Distinct flippases translocate glycerophospholipids and oligosaccharide diphosphate dolichols across the endoplasmic reticulum.
Saccharomyces cerevisiae Proteins
Phospholipid Transfer Proteins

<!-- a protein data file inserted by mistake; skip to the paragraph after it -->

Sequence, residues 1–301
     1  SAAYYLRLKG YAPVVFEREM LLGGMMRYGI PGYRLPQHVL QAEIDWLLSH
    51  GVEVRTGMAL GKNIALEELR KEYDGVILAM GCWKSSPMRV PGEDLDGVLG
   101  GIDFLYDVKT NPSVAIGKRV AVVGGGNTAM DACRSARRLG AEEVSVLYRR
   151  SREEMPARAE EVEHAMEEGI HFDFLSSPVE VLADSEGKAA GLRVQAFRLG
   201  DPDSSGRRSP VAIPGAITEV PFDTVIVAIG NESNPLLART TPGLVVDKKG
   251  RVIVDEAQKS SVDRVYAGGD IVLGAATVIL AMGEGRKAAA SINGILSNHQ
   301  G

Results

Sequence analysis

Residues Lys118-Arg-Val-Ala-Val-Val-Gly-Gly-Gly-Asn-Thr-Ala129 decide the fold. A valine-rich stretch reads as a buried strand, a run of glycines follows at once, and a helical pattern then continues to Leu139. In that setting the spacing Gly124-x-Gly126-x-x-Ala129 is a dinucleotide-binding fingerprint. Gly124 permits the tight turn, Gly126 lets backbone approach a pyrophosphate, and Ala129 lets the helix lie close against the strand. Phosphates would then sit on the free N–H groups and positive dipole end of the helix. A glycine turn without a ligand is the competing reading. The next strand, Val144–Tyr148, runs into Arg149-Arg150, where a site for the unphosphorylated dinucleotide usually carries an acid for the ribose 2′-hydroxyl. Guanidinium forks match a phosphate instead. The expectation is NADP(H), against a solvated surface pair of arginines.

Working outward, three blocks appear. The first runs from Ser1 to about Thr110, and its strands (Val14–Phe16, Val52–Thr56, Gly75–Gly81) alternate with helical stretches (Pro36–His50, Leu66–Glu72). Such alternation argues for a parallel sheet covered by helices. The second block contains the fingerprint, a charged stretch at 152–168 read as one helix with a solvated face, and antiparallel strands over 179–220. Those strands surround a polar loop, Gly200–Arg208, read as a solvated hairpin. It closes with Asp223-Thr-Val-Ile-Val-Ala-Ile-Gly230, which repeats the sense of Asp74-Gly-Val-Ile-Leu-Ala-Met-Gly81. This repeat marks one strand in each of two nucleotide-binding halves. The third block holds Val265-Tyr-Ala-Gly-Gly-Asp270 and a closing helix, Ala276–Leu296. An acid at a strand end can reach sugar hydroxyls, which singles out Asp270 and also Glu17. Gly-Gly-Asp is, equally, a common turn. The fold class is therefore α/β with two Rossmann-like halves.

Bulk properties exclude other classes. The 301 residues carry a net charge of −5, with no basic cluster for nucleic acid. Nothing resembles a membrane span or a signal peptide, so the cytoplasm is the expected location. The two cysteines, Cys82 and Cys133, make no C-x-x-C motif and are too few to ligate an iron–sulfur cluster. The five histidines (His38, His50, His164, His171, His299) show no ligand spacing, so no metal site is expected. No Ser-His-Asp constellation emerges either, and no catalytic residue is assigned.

Transbilayer movement, or flip-flop, of lipids across the endoplasmic reticulum (ER) is required for membrane biogenesis, protein glycosylation, and GPI anchoring. Specific ER membrane proteins, flippases, are proposed to facilitate lipid flip-flop, but no ER flippase has been biochemically identified. The glycolipid Glc 3Man 9GlcNAc 2-PP-dolichol is the oligosaccharide donor for protein N-glycosylation reactions in the ER lumen. Synthesis of Glc 3Man 9GlcNAc 2-PP-dolichol is initiated on the cytoplasmic side of the ER and completed on the lumenal side, requiring flipping of the intermediate Man 5GlcNAc 2-PP-dolichol (M5-DLO) across the ER. Here we report the reconstitution of M5-DLO flipping in proteoliposomes generated from Triton X-100-extracted Saccharomyces cerevisiae microsomal proteins. Flipping was assayed by using the lectin Concanavalin A to capture M5-DLOs that had been translocated from the inner to the outer leaflet of the vesicles. M5-DLO flipping in the reconstituted system was ATP-independent and trypsin-sensitive and required a membrane protein(s) that sedimented at approximately 4 S. Man 7GlcNAc 2-PP-dolichol, a higher-order lipid intermediate, was flipped >10-fold more slowly than M5-DLO at 25 degrees C. Chromatography on Cibacron Blue dye resin enriched M5-DLO flippase activity approximately 5-fold and resolved it from both the ER glycerophospholipid flippase activity and the genetically identified flippase candidate Rft1 [Helenius, J., et al. (2002) Nature 415, 447-450]. The latter result indicates that Rft1 is not the M5-DLO flippase. Our data (i) demonstrate that the ER has at least two distinct flippase proteins, each specifically capable of translocating a class of phospholipid, and (ii) provide, for the first time, a biochemical means of identifying the M5-DLO flippase.